Sierras snowpack one-third less than smallest on record


The bulk of California’s water comes from Sierras snowpack. This year, the snowpack numbers are dreadful. The worst ever previous snowpack was 25% of normal in 1997. This season, which ends April 1, it is a mind-numbing 8%. However, this does not yet herald  The End Of The World As California Knows It. Read on!

Snowmelt from the Sierras flows down to the Sacramento Delta, and then southward via aqueducts to the Central Valley and southern California. In a good rain year, there are too many interests competing for too little water in the Sacramento Delta. This year there will be much less water than normal.

The Colorado River basin had a good year, 90% of normal. However Imperial Valley CA agriculture and southern California lay a big claim to that water, as least 20%, much of which goes for agriculture in a baking desert. They use Lake Mead water for that, as does Las Vegas, Phoenix, and Tucson. If the California drought continues, the big cities of the southwest will almost certainly act to prevent the Imperial Valley from taking its 20% share of all Colorado River water.

However, it may not need to get that. Some wise and calming words from California Water Blog.

Statistically, last year’s drought is about a one in 15-30 year event. With a changing climate and growing water demands, we should prepare for such droughts occurring more than once a generation.

California will not run out of water this year, or next, if we are careful. We will respond mostly as we did last year, with some modest changes.

In rough order of importance, California will make up most of this year’s water shortage by:

  • Additional groundwater withdrawals of perhaps 5 million or more acre-feet
  • Reductions in urban and environmental water uses and agricultural fallowing — totaling perhaps 4 million acre-feet
  • Shifting perhaps 1 millon acre-feet of water use from lower to higher economic values through water markets
  • Depleting reservoir storage by perhaps 1-2 million acre-feet
  • Increasing wastewater reuse and other conservation efforts

Another problem for California is less water means less hydropower, which results in  reduced supplies of electricity.

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US far-left parties declare united front. The Empire trembles

As one who has traveled the far-left extensively, I got a giggle out of this. Two itty bitty far-left groupscules no one has heard of have announced they are joining together. One wonders if they will merge their tedious manifestos, a perilous task indeed. However, given that both websites are humorless, filled with endless prose, and have as few images as possible (because that would be frivolous and boojie), perhaps they can pull off the merger. All fifty of them.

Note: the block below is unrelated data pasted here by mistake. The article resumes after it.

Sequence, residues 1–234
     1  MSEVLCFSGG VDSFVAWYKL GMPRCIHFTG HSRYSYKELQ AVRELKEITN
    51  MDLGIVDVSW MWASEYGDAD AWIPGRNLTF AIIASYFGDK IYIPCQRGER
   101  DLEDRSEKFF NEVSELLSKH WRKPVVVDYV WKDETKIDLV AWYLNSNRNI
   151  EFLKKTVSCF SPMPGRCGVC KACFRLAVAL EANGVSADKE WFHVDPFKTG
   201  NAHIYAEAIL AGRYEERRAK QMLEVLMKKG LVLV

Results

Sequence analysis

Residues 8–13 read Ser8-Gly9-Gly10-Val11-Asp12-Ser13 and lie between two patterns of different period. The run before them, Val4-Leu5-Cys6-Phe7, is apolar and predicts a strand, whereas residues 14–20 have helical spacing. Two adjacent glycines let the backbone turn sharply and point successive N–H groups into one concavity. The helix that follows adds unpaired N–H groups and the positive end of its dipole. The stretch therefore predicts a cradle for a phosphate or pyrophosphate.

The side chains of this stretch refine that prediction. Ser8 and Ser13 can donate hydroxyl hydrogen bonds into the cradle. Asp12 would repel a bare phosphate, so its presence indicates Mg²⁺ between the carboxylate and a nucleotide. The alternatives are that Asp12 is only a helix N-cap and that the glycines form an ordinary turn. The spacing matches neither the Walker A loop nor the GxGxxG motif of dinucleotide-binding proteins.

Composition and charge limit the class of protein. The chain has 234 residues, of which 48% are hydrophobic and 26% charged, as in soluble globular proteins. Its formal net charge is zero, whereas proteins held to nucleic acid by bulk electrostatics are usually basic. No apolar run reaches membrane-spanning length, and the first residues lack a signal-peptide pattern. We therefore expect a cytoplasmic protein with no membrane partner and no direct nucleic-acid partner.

It came as a surprise then to witness two of the more active far-left parties, the American Party of Labor and the Party of Communists USA announced that they would work together in the future.

The Party of Communists has a long and rich history, having been formed in May 2014. APL is similarly quite young. Both are revolutionary Marxist vanguard parties. This means they will lead the revolution as they have the Proper Understanding and the rest of you unenlightened sods are expected to follow obediently. The big problem with all this for them is they resolutely refuse to understand the American working class is not going to go commie. It just isn’t. Instead, any real revolution and change in this country will have to emerge out of the middle class and will probably be called populism.

Alert observers of the far-left will immediately notice exclusion of a major player from consideration.

We need more cooperation between the left-wing, between the greens and the communists, between the socialists and the progressives. If these two organizations can come together in brotherhood, we all can.

I am of course, referring to anarchists. The socialist-anarchist split is the oldest on the far left, going back more than a century. Revolutionary Marxists can barely stand to acknowledge existence of anarchists, much less deal with them as equals. So much for solidarity.